The main difference between Abraham Maslow's and Frederick Herzberg's theories is that the former assumed all human needs were motivators while the latter did not. The two were contemporaries and developed their theories in the 1950s.
Maslow's theory is often presented as a pyramid in five layers, with the lowest or widest layer being the most basic of needs and the peak the highest need. When the lowest has been satisfied, human beings will then look to achieve the next.
- Food and shelter
- Social needs
Herzberg was a psychologist, and he divided human needs into two groups based around workplace factors. The first he called "hygiene needs." These include Maslow's first three tiers, specifically pay, job security and working conditions. He did not believe these factors motivated workers.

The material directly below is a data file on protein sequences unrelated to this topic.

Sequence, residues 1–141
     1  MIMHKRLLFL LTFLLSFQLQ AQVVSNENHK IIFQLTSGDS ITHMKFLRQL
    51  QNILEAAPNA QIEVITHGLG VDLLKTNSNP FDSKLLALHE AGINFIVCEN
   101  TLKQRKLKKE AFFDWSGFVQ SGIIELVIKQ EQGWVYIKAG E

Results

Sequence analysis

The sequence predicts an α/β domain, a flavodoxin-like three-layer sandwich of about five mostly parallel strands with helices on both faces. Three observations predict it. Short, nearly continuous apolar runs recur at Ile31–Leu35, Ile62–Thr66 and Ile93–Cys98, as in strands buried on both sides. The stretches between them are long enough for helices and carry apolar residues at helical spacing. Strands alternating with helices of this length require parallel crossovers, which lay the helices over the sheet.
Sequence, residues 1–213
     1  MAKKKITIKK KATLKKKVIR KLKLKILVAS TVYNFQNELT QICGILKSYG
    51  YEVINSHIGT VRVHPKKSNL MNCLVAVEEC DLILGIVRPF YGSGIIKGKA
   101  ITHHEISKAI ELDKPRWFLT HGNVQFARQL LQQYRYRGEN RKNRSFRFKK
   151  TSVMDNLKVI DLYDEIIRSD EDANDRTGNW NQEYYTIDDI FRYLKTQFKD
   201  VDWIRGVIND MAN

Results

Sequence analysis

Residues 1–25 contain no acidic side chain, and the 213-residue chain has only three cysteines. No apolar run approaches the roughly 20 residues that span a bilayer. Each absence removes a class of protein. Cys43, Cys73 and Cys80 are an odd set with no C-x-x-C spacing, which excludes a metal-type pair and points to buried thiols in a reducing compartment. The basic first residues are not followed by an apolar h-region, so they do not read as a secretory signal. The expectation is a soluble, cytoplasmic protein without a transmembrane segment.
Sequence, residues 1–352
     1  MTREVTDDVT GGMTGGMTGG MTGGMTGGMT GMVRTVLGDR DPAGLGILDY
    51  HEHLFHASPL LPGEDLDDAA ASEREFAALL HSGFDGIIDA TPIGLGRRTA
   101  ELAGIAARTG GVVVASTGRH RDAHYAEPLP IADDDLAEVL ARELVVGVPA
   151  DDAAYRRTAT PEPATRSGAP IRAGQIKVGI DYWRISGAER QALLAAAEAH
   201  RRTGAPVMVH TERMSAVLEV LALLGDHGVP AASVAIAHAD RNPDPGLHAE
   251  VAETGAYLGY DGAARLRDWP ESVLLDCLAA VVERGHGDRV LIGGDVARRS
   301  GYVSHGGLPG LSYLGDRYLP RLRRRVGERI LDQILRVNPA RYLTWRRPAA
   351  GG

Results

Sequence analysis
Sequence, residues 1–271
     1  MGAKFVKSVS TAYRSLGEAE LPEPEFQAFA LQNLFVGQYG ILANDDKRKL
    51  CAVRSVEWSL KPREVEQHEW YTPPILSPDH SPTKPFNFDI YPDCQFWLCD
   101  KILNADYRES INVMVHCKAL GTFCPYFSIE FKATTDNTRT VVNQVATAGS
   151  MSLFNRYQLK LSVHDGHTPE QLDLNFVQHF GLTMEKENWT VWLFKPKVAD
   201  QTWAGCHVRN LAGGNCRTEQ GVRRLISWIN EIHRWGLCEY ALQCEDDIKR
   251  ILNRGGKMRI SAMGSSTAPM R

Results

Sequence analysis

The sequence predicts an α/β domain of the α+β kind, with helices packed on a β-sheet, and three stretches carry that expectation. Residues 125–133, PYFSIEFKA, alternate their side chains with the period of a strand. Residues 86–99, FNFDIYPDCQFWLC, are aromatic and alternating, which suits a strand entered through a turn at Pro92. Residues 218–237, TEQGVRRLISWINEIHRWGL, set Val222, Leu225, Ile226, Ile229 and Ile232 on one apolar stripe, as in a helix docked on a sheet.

He believed what he called "satisfiers" motivated employees, including achievement, recognition, job growth and other factors related to Maslow's top two tiers.